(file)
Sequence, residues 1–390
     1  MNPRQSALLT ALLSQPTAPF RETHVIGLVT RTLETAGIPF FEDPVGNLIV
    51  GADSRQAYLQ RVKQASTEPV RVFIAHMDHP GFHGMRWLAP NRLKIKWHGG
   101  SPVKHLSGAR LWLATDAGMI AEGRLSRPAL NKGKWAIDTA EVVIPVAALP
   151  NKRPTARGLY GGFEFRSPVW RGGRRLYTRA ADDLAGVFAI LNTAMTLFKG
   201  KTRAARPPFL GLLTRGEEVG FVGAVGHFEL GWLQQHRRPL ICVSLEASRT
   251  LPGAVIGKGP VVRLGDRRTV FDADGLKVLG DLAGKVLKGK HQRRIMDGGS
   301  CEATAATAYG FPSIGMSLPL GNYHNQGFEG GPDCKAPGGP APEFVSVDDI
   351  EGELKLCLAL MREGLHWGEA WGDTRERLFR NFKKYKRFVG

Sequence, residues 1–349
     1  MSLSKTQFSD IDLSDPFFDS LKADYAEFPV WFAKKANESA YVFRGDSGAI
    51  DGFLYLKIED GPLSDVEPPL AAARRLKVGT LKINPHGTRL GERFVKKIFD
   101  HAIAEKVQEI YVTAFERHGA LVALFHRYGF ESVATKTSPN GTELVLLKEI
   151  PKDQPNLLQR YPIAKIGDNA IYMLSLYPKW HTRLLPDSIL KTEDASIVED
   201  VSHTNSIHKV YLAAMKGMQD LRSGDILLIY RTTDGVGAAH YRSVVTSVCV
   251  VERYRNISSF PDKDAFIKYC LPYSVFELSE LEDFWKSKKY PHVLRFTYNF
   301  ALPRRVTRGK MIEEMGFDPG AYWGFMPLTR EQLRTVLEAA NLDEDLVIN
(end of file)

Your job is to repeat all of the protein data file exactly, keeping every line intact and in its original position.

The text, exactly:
Sequence, residues 1–390
     1  MNPRQSALLT ALLSQPTAPF RETHVIGLVT RTLETAGIPF FEDPVGNLIV
    51  GADSRQAYLQ RVKQASTEPV RVFIAHMDHP GFHGMRWLAP NRLKIKWHGG
   101  SPVKHLSGAR LWLATDAGMI AEGRLSRPAL NKGKWAIDTA EVVIPVAALP
   151  NKRPTARGLY GGFEFRSPVW RGGRRLYTRA ADDLAGVFAI LNTAMTLFKG
   201  KTRAARPPFL GLLTRGEEVG FVGAVGHFEL GWLQQHRRPL ICVSLEASRT
   251  LPGAVIGKGP VVRLGDRRTV FDADGLKVLG DLAGKVLKGK HQRRIMDGGS
   301  CEATAATAYG FPSIGMSLPL GNYHNQGFEG GPDCKAPGGP APEFVSVDDI
   351  EGELKLCLAL MREGLHWGEA WGDTRERLFR NFKKYKRFVG

Sequence, residues 1–349
     1  MSLSKTQFSD IDLSDPFFDS LKADYAEFPV WFAKKANESA YVFRGDSGAI
    51  DGFLYLKIED GPLSDVEPPL AAARRLKVGT LKINPHGTRL GERFVKKIFD
   101  HAIAEKVQEI YVTAFERHGA LVALFHRYGF ESVATKTSPN GTELVLLKEI
   151  PKDQPNLLQR YPIAKIGDNA IYMLSLYPKW HTRLLPDSIL KTEDASIVED
   201  VSHTNSIHKV YLAAMKGMQD LRSGDILLIY RTTDGVGAAH YRSVVTSVCV
   251  VERYRNISSF PDKDAFIKYC LPYSVFELSE LEDFWKSKKY PHVLRFTYNF
   301  ALPRRVTRGK MIEEMGFDPG AYWGFMPLTR EQLRTVLEAA NLDEDLVIN